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6 of 6 people found the following review helpful By A Customer on 15 Jan. 2002
Format: Paperback
I had read the hype and had the book praised beyond all others by the person who bought if for me. I have visited Sri Lanka and know a woman who escaped to the UK as a political refugee, living with the fact that her cousin was one of the many Tamil suicide bombers. So I held this book in high anticipation. And although it is tightly written I did not see the story.
I lived the scenes and the matter of fact way that so much human devastation was a cold fact of life. I enjoyed the relationships as they developed and the turmoil of Anil's journey through her work, but I missed the links. Perhaps I am too simplistic in my expectations for a novel, but I needed more continuity in the story and a way to draw it all together. Ondaatje is clearly a professional writer and deserves the awards he has receieved. It's just that in Anil's Ghost I thought I would be captivated and absorbed and the truth is I was not.
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16 of 17 people found the following review helpful By A Customer on 17 April 2002
Format: Paperback
There are many good things in this novel but ulimately it doesn't add up to the sum of its parts.

The first half is particularly good setting the scene in Sri Lanka in a state of civil war and the descriptions of the lives of the medical staff are particularly involving and moving. He also does a good job of setting all this in the historical background.

However, about 2/3rds of the way through Ondaatjie seems to loose interest in his nominal 'plot' -the search for the identity of a skeleton found by the main protagonists. We then get a long digression into the life of what had previously been a minor character. When we finally get back to the plot it ends in such a perfuctory way that I was left with a feeling of is that it?

Some wonderful writing, but a lack of coherent structure or plot, plus characters who remain somewhat enigmatic means that the whole thing is much less involving and moving than you might expect.

Maybye the whole thing works much better if you know something about Sri Lanka?
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3 of 3 people found the following review helpful By Kiwifunlad on 25 Nov. 2010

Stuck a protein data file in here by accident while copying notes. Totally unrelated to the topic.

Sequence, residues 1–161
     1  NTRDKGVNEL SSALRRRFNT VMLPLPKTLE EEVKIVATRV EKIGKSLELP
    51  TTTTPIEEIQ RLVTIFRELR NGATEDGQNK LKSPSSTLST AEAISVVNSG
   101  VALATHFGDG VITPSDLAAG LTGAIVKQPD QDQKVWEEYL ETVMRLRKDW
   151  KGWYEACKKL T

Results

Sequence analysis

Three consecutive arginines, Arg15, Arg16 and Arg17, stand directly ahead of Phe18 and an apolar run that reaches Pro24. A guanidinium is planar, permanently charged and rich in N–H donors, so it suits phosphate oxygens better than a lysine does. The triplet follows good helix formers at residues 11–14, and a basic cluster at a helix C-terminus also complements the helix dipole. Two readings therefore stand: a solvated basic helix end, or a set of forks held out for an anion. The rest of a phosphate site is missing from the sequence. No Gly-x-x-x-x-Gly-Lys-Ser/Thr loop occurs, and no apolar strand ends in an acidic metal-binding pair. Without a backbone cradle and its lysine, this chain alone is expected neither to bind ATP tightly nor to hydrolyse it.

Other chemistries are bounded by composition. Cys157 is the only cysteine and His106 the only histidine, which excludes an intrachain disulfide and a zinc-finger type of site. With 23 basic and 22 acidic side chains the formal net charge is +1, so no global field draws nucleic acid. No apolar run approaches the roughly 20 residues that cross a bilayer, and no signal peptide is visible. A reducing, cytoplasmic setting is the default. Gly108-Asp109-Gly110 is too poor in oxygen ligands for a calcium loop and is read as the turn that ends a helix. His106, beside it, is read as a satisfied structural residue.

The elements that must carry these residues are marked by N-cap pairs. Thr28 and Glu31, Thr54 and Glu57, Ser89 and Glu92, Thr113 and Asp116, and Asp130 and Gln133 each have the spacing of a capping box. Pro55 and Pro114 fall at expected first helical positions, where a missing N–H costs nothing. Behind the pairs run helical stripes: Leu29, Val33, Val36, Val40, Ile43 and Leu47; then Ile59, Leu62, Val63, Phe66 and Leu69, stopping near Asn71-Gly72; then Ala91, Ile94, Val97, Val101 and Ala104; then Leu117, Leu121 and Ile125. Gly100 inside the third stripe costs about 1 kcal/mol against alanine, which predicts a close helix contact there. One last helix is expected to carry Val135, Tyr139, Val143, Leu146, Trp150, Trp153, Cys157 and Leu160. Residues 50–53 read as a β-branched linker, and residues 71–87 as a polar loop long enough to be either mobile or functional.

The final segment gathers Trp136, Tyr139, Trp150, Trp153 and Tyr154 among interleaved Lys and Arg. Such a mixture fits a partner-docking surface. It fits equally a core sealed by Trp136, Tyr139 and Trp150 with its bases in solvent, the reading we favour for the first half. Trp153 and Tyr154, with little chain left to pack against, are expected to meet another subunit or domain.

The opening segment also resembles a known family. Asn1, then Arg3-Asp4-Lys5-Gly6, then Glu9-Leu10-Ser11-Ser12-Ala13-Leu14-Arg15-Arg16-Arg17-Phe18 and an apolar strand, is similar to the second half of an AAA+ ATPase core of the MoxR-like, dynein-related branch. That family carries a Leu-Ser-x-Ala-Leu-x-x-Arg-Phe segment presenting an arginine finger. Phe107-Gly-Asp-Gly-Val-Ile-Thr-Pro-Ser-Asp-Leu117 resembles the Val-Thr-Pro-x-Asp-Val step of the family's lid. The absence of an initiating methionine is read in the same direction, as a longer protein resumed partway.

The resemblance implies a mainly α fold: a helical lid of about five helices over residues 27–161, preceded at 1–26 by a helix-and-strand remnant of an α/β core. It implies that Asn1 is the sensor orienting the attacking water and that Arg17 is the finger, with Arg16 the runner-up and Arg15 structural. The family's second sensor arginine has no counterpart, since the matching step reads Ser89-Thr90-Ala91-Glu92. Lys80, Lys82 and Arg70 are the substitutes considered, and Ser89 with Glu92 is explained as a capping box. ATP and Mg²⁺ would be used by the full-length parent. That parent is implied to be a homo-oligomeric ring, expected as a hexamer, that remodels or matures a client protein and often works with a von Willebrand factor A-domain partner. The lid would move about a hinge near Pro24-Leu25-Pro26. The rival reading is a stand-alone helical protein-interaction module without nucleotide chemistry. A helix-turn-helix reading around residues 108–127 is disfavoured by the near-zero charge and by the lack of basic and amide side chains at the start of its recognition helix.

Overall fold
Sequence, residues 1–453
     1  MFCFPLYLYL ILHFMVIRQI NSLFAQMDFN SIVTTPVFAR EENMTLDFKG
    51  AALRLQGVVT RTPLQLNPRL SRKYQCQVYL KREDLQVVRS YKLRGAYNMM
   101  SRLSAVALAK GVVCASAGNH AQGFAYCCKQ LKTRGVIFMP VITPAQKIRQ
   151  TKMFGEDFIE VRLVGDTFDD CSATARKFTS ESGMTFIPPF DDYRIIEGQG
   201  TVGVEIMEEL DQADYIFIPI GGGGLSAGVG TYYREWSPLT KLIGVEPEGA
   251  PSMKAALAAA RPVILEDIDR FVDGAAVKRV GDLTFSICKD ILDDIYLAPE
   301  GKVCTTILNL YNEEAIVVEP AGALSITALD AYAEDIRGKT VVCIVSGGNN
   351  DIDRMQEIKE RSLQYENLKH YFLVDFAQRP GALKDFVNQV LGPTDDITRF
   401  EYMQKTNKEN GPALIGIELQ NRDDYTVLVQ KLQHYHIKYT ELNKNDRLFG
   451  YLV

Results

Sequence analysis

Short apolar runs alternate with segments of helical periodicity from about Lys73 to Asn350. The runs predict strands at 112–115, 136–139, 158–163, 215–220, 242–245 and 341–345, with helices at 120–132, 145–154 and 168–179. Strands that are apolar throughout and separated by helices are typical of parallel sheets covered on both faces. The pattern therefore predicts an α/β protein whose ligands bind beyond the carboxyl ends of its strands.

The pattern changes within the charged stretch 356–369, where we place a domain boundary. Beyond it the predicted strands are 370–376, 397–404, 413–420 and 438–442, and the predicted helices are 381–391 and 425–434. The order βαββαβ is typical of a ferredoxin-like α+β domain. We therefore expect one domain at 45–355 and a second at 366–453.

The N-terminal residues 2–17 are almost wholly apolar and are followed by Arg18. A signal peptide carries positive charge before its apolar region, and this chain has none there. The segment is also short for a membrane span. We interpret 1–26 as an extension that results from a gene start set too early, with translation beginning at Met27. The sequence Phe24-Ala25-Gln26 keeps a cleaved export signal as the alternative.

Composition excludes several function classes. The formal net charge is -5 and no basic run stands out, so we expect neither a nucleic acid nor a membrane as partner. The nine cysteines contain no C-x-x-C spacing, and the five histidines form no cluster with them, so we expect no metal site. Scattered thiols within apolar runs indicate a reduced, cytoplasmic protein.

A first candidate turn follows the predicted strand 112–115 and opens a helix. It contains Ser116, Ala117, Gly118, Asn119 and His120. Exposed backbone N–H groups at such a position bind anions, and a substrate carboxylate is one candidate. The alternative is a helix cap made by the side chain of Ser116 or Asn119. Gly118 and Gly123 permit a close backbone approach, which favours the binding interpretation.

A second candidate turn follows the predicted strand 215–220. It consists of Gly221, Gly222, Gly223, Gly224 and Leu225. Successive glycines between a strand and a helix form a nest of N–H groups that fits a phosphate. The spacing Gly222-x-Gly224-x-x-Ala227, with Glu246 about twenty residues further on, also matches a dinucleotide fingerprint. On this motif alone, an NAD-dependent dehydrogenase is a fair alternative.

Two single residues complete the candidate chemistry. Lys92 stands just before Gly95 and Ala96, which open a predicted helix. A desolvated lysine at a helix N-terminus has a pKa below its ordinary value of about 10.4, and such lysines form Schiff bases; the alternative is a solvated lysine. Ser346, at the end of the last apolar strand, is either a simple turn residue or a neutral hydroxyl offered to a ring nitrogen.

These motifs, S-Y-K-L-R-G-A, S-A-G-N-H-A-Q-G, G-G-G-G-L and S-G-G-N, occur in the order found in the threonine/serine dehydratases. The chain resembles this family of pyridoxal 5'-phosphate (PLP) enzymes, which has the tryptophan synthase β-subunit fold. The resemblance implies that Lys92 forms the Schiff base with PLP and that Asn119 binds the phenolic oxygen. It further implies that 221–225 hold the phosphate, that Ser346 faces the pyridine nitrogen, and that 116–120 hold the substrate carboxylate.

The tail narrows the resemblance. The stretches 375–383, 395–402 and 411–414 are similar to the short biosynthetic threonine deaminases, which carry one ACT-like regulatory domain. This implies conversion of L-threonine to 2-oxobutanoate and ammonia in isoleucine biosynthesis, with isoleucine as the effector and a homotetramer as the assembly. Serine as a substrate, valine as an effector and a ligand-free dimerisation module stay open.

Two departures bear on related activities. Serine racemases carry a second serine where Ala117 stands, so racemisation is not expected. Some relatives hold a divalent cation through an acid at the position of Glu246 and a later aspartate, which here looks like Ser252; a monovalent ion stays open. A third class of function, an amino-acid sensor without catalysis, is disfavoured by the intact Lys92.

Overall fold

Format: Paperback
Although this is a work of fiction, its detailed analysis of Sri Lanka's conflict read more like a documentary. Ondaatje's understanding of forensic anthroplogy and for the gruelling work the medical staff dealing with numerous bomb and minefield victims was impressive. For the most part the reader is given a politically neutral observation of the troubles. The character of Anil did not work for me and the principal reason I did not enjoy the novel. Anil's character was meticulously drawn and there were interesting aspects to her background: how she became to be called Anil: a woman who had left Sri Lanka aged 18, studied medicine in England and North Amrica, and worked in troubled spots in Africa and Guatamala, and a relationship with a married man called Cussil but sadly Ondaatje's Anil is cold and dispassionate and her role in the novel virtually peters out by the end. Ondaatje may have been using this technique deliberately after all the book is called Anil's Ghost but I wondered why the novel seems to focus on Gamini towards the end whose tenuous connection to Anil through Sarath seemed flimsy other than to bring the brutally ugly experiences for a Doctor in Sri Lanka at the time. All in all Ondaatje evokes heart rending detail but as a novel I was less interested.
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1 of 1 people found the following review helpful By Ms. C. J. Mcelwee VINE VOICE on 16 May 2000
Format: Hardcover Verified Purchase
Although this novel is set in Sri Lanka there is little to describe it. The main landscape is of a society undergoing the pressures of long term war and terror. The submissions and rebellions of everyday life, the not knowing who is with you and who against, and the devisiveness of that situation. It is a novel of ghosts both alive and dead.
This is not "The English Patient", but why should anyone wish to read the same novel in different guise. What one should ask of any writer is that they give us something fresh each time. Ondaatje does this. What is Ondaatjean is the texture of the prose, his facination with the details of processes - in 'The English Patient' it is bomb disposal, here it is in the artists processes for painting the eyes of the buddha (perhaps a metaphor for the situation in Sri Lanka at the present and how people have to deal with it, for if the statue of the buddha has no eyes painted or carved in, then he has not taken up residence and cannot see). It is in the forensic archeology, in the bones.
This is a quiet novel about unquiet times and worth your attention.